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In a message dated 8/9/98 12:17:07 AM Eastern Daylight Time,
sarima@ix.netcom.com writes:

<< The earliest hominids (_Australopithicus afarensis_ and its predecessors),
 were within the smaller size range, being about the size of a bonobo.
 Thus, in hominids, bipedality probably *did* originate due to loss of
 arboreality. >>

I sent a post related to this topic last week from my other location, but it
never appeared.  Perhaps someday it will pop up.  I don't have the reference
materials with me, but if my original post ever shows up the references are in

That post mentioned an article in the current issue of the Journal of Human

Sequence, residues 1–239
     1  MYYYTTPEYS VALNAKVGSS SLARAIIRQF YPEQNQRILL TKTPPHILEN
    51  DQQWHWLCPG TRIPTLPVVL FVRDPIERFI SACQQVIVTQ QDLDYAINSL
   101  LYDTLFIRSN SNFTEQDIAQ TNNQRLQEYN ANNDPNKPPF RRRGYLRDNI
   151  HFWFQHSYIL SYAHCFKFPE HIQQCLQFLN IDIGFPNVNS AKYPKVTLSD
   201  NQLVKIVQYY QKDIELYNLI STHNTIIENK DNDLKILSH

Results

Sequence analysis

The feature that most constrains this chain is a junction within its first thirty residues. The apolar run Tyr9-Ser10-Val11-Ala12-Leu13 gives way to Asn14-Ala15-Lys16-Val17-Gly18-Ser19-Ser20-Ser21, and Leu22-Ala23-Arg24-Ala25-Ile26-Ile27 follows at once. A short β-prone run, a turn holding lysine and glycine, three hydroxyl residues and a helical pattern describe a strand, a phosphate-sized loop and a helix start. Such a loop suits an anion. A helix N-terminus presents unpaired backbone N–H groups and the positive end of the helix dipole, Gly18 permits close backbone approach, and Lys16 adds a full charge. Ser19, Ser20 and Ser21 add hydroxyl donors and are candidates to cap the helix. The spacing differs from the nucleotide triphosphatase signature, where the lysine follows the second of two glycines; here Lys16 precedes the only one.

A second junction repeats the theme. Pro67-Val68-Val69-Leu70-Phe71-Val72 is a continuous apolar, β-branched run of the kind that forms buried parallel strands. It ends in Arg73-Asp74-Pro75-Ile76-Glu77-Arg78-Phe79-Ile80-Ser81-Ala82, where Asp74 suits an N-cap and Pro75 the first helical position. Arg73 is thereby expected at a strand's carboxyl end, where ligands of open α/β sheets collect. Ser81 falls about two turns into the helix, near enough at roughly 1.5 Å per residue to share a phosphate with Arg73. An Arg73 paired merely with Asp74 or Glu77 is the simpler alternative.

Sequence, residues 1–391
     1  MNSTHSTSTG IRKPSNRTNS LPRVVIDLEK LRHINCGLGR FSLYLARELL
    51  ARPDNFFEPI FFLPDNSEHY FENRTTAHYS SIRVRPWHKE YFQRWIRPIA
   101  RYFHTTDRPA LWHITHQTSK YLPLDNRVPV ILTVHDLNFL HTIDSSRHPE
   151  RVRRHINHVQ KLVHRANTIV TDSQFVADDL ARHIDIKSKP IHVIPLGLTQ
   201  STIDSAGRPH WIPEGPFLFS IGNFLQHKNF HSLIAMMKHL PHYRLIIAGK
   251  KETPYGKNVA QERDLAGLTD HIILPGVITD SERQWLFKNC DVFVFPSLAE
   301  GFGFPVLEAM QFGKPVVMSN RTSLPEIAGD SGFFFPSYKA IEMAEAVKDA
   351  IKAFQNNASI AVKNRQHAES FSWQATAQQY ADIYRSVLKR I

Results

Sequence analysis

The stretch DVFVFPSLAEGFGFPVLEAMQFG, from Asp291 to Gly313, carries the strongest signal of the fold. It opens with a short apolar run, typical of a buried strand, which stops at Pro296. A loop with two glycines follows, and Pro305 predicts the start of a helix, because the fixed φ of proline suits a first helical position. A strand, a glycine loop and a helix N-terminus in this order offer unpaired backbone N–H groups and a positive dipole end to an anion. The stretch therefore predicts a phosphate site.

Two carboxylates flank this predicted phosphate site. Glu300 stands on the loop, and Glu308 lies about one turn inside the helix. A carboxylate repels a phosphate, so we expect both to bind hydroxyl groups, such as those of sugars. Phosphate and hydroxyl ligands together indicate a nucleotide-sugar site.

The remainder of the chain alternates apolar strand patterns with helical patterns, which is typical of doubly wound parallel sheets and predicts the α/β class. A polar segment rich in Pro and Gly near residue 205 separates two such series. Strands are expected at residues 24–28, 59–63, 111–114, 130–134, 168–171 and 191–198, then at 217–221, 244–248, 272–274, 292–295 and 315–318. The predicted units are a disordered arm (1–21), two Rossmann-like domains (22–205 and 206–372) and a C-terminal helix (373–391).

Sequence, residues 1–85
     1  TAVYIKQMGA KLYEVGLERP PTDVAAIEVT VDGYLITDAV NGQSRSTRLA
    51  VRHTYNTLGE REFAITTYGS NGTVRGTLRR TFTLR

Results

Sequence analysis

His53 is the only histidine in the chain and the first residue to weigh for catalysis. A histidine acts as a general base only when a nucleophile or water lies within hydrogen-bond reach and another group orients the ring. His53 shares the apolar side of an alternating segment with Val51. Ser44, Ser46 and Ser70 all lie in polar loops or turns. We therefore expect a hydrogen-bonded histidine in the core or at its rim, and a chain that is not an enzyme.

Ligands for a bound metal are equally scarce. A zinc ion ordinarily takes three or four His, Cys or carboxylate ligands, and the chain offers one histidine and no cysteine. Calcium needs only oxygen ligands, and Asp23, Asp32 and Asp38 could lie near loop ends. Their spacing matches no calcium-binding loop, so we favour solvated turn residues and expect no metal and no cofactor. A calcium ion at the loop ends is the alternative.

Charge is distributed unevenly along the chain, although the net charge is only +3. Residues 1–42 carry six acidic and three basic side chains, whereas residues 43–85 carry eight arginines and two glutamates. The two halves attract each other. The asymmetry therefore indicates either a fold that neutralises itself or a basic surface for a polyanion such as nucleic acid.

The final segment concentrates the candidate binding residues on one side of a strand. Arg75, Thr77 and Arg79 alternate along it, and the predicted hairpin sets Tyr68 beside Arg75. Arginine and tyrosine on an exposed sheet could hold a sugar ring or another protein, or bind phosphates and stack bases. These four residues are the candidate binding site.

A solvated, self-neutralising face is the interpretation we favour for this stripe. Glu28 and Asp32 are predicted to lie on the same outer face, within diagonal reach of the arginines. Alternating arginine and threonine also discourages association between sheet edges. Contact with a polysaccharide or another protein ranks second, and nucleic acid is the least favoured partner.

Evolution (also summarized in the August National Geographic) which concludes
that Australopithicus afarensis (Lucy) was probably not on the direct line to
Homo habilis.  The problem arose when new material and a closer examination of
previously recovered material demonstrated that A. africanus and H. habilis
shared characters that were more primitive (relatively longer arms, shorter
legs) than their presumed ancestor, Lucy.  Rather than accept that Lucy's
descendants underwent an evolutionary reversal to a more arboreal existence,
the authors concluded that A. africanus, not Lucy, was on the direct line to
Homo habilis.  Since Lucy is older than A. africanus, but more derived with
respect to some bipedal characters, the authors also suggest that bipedalism
arose at least twice among the australopithecines.

It appears that we may have lived an arboreal life longer than previously
thought.  And it is interesting to see another branch of science wrestle with
issues such as evolutionary reversals, similar evolutionary innovations
popping up more than once in the fossil record and speculations about the role
of arboreality in the process.